SMITH - GATTIS HOUSE

SMITH - GATTIS HOUSE

,
Hillsborough
NC
Built in
1820-1835
/ Demolished in
1955-1965
Architectural style: 
Construction type: 
Local Historic District: 
Use: 

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Last updated

  • Fri, 09/01/2017 - 12:58pm by gary

Comments

,
Hillsborough
NC
Built in
1820-1835
/ Demolished in
1955-1965
Architectural style: 
Construction type: 
Local Historic District: 
Use: 

 

1938 (Library of Congress - Frances B. Johnston)

This Federal style house (probably with later addition of Victorian front porch details) was likely built by James Strudwick Smith in the 1820s-1830s. Smith may have been the illegitimate son of William Strudwick. He pursued a medical career, training with James Webb of Hillsborough. He engaged in a large number of 'side' businesses, including James S. Smith and Company, probably a short-lived merchandising business, and general store in Hillsborough in 1819 with with Dr. Thomas Jefferson Faddis, but their account books show that in 1824 the partnership became entirely medical; their later accounts were only for medical services and drugs.

During the same period of the early 1820s, Smith was a partner of Josiah Turner in a copper shop, though he soon sold his share of the business. His largest venture was with Thomas D. Crain in the operation of mills, distilleries, and tanyard of which Smith became sole owner in 1836.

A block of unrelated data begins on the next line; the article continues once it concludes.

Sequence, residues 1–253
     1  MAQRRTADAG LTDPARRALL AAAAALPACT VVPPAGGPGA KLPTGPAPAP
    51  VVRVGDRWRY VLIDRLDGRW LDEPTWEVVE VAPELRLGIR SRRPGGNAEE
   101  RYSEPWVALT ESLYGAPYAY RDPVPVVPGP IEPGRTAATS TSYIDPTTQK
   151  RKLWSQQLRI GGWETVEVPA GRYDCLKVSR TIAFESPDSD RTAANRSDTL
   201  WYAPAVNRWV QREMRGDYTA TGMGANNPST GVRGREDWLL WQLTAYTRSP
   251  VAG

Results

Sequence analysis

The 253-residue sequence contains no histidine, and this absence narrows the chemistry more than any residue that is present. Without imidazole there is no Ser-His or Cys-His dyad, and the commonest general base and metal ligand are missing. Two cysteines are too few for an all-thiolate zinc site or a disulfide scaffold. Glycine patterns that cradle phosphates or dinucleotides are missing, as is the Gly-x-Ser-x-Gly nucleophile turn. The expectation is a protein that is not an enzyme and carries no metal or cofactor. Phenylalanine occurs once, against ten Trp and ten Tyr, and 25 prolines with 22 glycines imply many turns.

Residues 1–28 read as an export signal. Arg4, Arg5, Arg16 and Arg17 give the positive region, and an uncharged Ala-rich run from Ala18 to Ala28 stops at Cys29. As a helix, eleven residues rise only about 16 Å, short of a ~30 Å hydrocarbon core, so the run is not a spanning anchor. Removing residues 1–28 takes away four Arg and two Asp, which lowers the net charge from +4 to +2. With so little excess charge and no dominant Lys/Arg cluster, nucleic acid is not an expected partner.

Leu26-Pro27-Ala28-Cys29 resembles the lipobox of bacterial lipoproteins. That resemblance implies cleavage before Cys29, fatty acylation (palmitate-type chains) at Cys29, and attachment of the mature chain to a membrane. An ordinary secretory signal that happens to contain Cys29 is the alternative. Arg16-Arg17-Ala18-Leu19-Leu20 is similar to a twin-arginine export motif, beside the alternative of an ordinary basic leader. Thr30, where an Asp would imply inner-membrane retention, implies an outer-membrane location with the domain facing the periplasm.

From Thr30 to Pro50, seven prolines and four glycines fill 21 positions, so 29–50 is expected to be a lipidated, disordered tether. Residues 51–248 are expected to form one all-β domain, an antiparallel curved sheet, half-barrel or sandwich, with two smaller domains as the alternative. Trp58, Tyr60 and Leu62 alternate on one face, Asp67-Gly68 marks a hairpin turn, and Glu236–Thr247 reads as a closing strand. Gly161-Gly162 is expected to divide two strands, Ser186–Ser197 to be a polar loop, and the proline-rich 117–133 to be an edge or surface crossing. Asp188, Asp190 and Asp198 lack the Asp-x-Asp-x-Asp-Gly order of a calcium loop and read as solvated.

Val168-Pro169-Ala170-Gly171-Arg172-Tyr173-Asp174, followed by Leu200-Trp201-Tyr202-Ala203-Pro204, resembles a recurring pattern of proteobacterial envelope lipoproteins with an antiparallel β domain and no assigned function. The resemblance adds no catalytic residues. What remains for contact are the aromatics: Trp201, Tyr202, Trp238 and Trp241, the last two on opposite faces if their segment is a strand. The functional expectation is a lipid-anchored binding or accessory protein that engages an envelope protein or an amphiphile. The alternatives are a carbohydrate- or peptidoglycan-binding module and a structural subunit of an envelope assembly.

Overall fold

Smith was active in the construction of the Masonic Eagle Lodge on the property adjacent to his house, as well as the construction of the 1845 Orange County Courthouse

In 1845 he went bankrupt and was divested of all his property except what he had been able to transfer to his wife and children; it is likely that he relocated at that time to a house they named "Oakland" on Smith Level Road and Price Creek outside Chapel Hill.

Notably, this house was likely the birthplace of Cornelia Smith, grandmother of the Reverend Pauli Murray; Cornelia was born to a woman enslaved by the Smith family, named Harriet or Harriot. James Sidney Smith, son of James Strudwick Smith, was widely acknowledged to be her biological father.

Sometime after 1845, the house became the property of Samuel M. Gattis, who built a Queen Anne style house next door in 1908.

1954 (Pauli Murray, from the Murray Collection at the Harvard Schlesinger Library)

 The Smith house was demolished sometime after 1954, likely prior to the late 1960s. The area is vacant yard for the Gattis House as of 2017.

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